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The Managing Director of Aero Contractors, Capt. Abdullahi Mahmood, has attributed the high cost of air fares to the difficulty in accessing foreign exchange from the Central Bank of Nigeria (CBN) as virtually all the airlines have resorted to the parallel market to meet high cost of operations, including importation of aircraft spare parts.
Mahmood told Aviation Metric on the sidelines of a press briefing to announce the commencement of Bauchi route on Wednesday that the majority of airlines’ dealings were done in foreign exchange, stressing that the situation had slowed recovery for the airlines from the effects of COVID-19.
His words: “We don’t source anything domestically. Whatever you want you have to buy it from outside. Airlines in Nigeria are suffering today because of lack of access to foreign exchange. That is why people are screaming, the cost of tickets are high.
“It is not because airlines want to increase the cost of tickets, but airlines also do not want to operate at a loss. If you don’t calculate very well, then your numbers are running in the negatives. The airlines most times go to the parallel market to get forex. That is the most disturbing part of the things airlines are going through in the country, but if you talk about recovery, getting passenger numbers; I think the airlines are doing very well on that.
“Nigerians travel a lot, even travel for no reason, which is good for the airlines. We want them to travel.” Aside from the difficulty in getting forex, aviation fuel, otherwise known as Jet A1, has equally gone up, a situation that has put airlines in a difficult situation as to the actual amount fares should cost while striking a balance between breaking-even and strategy not to scare many intending travelers”.
A few months ago, domestic air fares went as high as N80, 000 and N100, 000 depending on the time of booking and how many airlines offer such services to the destination. Air fares are observed to be on the high side. The most traffic route in the network, Lagos-Abuja, has an average of N40, 000 from N25, 000 pre-COVID-19 per passenger flight hour.
This translates to about $80 at the current rate. Meanwhile, flights on B737-500, 700 series in western countries offer $45 per passenger flight hour.
Experts, who spoke to our correspondent, stated that the demand for a particular good or service depends on a variety of factors, among them consumers’ taste, income level, price and quality of the product in question and the prices of other goods, especially goods that are close substitutes.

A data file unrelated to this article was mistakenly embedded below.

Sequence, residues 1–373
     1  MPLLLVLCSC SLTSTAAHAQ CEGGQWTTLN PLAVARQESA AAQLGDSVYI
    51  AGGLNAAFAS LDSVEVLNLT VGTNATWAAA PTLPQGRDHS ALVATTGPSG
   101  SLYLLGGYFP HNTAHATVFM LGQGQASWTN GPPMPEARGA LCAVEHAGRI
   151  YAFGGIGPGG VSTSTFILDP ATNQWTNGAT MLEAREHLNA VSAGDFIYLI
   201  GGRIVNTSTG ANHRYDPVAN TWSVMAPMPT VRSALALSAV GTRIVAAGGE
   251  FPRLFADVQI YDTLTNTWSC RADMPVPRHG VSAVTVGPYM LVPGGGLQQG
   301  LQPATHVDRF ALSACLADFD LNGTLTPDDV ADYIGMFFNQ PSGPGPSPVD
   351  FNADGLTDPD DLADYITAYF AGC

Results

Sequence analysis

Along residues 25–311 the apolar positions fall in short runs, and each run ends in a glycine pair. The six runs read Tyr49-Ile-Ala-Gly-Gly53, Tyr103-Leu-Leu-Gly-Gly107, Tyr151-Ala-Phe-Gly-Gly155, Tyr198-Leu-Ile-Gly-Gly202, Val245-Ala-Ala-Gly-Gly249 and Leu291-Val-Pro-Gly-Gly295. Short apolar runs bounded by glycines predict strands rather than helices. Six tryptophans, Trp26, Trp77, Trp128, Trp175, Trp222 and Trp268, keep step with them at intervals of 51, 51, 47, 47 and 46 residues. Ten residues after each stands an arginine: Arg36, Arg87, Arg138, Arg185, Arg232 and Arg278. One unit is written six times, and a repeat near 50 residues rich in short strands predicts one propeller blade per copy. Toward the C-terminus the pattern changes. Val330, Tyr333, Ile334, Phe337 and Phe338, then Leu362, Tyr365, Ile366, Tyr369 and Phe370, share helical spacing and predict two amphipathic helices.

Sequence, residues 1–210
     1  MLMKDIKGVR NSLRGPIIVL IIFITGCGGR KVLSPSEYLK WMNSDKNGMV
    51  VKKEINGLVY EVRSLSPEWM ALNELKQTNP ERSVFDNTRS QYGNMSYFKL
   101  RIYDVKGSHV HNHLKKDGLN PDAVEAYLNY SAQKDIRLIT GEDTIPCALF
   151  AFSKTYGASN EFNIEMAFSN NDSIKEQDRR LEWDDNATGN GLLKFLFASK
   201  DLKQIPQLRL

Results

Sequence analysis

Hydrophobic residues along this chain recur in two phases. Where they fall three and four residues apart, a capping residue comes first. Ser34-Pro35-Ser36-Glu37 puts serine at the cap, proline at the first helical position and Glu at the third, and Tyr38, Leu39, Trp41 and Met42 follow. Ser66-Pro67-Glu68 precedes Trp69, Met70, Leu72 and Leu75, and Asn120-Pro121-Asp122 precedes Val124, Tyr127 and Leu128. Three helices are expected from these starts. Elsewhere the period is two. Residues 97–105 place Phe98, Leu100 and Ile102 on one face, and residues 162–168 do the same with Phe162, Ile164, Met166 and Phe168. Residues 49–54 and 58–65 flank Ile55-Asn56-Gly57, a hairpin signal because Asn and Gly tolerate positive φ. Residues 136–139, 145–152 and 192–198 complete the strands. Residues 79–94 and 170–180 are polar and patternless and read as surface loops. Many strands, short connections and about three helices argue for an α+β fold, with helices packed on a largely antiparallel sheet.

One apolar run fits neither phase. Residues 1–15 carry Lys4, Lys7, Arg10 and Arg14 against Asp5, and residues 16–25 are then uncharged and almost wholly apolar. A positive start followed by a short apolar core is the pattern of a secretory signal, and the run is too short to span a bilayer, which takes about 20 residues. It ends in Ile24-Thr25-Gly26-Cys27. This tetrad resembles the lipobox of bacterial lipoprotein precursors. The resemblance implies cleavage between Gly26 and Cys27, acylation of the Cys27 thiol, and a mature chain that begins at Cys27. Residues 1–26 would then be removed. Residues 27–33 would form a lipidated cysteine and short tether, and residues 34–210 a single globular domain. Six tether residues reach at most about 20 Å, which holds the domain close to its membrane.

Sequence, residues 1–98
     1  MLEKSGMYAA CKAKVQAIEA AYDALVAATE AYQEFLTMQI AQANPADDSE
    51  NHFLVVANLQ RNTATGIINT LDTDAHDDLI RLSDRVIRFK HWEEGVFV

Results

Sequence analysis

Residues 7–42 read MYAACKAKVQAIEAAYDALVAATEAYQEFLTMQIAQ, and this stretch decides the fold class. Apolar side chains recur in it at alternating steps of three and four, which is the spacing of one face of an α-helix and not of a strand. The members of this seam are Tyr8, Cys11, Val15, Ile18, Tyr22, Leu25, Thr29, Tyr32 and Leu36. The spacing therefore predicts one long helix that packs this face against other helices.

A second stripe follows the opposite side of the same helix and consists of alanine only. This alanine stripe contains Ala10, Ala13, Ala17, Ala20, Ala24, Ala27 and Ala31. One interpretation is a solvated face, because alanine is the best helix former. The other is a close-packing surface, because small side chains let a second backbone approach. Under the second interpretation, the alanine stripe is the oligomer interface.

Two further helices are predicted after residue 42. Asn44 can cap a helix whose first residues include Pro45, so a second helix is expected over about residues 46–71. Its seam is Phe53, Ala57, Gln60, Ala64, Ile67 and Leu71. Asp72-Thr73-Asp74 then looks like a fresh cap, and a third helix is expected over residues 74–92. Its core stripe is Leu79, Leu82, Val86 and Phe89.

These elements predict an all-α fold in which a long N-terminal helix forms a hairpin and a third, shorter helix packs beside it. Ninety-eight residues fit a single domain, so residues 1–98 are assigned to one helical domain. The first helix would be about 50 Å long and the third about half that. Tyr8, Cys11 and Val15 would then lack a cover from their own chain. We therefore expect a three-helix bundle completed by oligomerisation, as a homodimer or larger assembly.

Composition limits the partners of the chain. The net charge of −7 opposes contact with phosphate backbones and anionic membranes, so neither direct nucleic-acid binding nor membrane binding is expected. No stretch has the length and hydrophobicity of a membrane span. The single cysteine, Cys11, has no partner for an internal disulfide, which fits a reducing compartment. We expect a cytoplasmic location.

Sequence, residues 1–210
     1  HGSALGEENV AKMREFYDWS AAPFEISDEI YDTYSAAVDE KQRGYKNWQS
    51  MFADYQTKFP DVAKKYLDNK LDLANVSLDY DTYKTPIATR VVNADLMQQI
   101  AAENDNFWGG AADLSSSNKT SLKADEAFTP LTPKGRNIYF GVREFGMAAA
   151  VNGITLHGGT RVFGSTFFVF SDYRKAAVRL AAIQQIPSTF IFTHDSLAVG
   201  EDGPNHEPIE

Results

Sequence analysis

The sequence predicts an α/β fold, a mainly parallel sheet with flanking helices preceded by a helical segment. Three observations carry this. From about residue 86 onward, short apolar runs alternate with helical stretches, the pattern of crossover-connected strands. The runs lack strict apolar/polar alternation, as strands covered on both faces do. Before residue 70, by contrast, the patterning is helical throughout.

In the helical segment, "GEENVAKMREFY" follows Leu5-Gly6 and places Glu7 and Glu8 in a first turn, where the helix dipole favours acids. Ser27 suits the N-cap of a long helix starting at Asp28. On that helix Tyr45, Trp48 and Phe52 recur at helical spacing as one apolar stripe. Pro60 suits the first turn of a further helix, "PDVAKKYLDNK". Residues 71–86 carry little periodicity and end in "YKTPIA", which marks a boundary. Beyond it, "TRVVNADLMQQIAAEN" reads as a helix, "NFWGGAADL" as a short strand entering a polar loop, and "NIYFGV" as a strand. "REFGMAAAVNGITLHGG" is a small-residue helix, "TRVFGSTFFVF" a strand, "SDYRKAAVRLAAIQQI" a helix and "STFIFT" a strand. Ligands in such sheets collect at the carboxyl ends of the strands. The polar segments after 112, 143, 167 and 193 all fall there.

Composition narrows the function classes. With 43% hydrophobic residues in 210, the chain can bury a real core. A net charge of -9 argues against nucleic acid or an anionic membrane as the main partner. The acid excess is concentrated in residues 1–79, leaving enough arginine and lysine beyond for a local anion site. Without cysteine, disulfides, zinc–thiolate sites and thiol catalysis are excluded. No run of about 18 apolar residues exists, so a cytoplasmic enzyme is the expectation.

To them, as a general rule, when other influences on demand remain unchanged, as higher price for a product results in a lower quantity demanded.
However, the price responsiveness of demand varies from one good to another and from one market to another. The own-price elasticity of demand, according to them, measures the responsiveness or sensitivity of the demand for a good to change in its price when other influences on demand are held constant.
The basic concept of own-price elasticity of air travel in different market segments they reiterated suggests that if air fares are reduced on Nigeria’s domestic routes, demand for air travel is likely to increase, since routes are short-haul.
Meanwhile, the entrance of new airlines into the Nigerian aviation industry could trigger drastic fare reduction as Green Africa Airlines that is set to make its debut on June 24 has introduced fares as low as N16, 500 and N23, 000 to popular destinations of Lagos, Abuja, Ilorin and other cities it plans to operate.
Other new comers like Cally Air, Cardinal Airlines and a host of others are at the verge of beginning air services. For instance, an airline regarded as one of the biggest in Nigeria slashed its airfare from Lagos to Ilorin (flight operations to Ilorin are slated to commence in June 2021) from N52,500, which some airlines charged last month, to N32,700.
Also, the fare from Lagos to Abuja has dropped from N60,000 (in April) to between N23,000 and N29,000.